Dairy processors are looking for efficient solutions that will not compromise the safety of their product, Auclair says. “There’s great benefit for the processors when they can offer content security without having to deal with the application of an additional seal or shrink band,” he says, adding that IPL has been successful with its rigid plastic packaging products with built-in tamper evident system.
Allanson says dairy processors are just realizing available opportunities of aseptic processing and packaging and the risks involved if they don’t have up-to-date equipment. “Dairy processors are asking for larger products that are aseptically processed and filled,” he says. “They’re asking for cost-effective aseptic processing and packaging with faster filling speeds and larger pack sizes.”
Tight Security
Ameri-Seal Inc., manufacturer of PVC Pre-Forms, combines tamper-evident packaging with printing capabilities on heat-shrinkable closures for food packaging safety.
“Pre-Forms are the perfect closure seal for butter, margarine, ice cream, cottage cheese, sour cream and yogurt containers — virtually anything that is packaged in a tub,” says Devin Millstein, marketing director for the Chatsworth, Calif.-based company. “Once the Pre-Form is shrunk on the product, it assures the most obvious form of tamper resistance. If someone violates the package, it is easily visible.”
Pre-Forms are used as primary and secondary packaging and are available in clear and custom colors. Using rotogravure, up to eight colors can be printed on the package.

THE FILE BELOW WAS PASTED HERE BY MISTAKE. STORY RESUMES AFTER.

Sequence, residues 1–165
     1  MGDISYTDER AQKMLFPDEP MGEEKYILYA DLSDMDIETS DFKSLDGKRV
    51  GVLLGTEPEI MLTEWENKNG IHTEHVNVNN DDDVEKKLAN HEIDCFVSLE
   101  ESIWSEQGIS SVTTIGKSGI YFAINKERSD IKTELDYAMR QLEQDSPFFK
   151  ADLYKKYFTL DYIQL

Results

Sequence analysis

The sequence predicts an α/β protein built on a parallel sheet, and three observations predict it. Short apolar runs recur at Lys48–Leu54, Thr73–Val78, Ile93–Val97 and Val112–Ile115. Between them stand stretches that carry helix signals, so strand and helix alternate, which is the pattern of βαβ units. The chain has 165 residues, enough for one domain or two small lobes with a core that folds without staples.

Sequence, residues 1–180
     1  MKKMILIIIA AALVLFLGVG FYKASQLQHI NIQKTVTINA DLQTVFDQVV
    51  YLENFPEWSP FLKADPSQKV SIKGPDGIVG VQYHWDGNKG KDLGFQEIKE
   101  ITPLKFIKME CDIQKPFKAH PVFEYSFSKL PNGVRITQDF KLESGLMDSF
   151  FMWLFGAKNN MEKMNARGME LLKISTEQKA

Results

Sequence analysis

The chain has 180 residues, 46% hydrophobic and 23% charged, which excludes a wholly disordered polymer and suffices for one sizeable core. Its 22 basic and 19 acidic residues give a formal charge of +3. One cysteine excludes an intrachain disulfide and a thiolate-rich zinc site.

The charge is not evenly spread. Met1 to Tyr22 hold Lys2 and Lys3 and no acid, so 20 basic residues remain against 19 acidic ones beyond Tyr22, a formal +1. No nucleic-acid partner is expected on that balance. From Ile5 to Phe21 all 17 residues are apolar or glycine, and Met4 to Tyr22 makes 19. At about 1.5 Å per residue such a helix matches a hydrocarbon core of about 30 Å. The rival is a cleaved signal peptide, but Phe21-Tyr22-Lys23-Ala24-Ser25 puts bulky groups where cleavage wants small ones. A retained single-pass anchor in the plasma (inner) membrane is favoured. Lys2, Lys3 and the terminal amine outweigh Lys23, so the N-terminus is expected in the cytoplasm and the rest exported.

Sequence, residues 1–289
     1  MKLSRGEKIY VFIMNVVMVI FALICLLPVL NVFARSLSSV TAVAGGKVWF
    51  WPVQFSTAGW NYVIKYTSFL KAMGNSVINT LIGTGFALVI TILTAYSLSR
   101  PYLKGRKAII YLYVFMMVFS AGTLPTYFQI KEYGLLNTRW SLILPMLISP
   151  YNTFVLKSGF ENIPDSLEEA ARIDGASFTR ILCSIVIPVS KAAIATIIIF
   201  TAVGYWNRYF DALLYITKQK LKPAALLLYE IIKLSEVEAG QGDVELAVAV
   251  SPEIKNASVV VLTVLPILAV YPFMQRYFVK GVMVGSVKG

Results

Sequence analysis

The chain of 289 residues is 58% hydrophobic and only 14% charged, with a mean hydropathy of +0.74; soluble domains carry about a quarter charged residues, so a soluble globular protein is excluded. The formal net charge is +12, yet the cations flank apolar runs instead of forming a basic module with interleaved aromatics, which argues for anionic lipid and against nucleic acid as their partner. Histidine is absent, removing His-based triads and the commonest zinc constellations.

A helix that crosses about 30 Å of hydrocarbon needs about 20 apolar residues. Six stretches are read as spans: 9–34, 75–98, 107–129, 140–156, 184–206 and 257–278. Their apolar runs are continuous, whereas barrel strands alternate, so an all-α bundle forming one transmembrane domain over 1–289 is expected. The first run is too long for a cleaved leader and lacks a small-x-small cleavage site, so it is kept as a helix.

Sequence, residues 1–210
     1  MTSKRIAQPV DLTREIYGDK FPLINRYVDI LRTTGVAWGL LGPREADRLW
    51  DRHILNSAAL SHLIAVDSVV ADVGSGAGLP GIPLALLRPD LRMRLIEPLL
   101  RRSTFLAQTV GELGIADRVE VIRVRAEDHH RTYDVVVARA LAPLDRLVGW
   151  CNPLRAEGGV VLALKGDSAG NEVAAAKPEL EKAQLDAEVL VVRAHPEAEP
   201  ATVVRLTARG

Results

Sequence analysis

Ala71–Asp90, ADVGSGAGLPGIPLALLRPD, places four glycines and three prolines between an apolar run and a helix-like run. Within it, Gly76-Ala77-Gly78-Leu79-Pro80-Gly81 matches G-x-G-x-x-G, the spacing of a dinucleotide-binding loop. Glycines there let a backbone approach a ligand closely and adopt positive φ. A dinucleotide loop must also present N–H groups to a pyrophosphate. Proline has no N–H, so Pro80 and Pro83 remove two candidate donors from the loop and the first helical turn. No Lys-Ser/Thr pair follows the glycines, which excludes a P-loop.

ScanTrac 200, a high-performance X-ray system for the food, beverage and pharmaceutical industries, detects product contamination and package assembly errors at conveyor speeds of up to 700 feet per minute.
The system uses low-energy X-ray and image-processing software to detect the smallest contaminants such as metal, shards of glass, stones, bone, rubber and other dense foreign materials contaminating products packed in cartons, cans, plastic and glass. It also detects product voids and underfills, as well as damaged containers and can verify package components and product composition conform to specifications. It will automatically remove rejected product from the production line.
ScanTrac 200 is offered by InspX LLC, a joint venture between Key Technology, Walla Walla, Wash., and Peco Controls, Fremont, Calif.
For dairy processors looking to maintain optimum product integrity during packing and shipping, A-B-C Packaging Machine Corp., Tarpon Springs, Fla., developed its Model 800 case packer to accommodate shrink wrapped multi-packs dairy products. The case packer provides automatic product accumulation, case erecting, packing and sealing in one machine up to 25 cases per minute. It incorporates features for gentle product handling to eliminate scuffed overwraps or damaged graphics.  m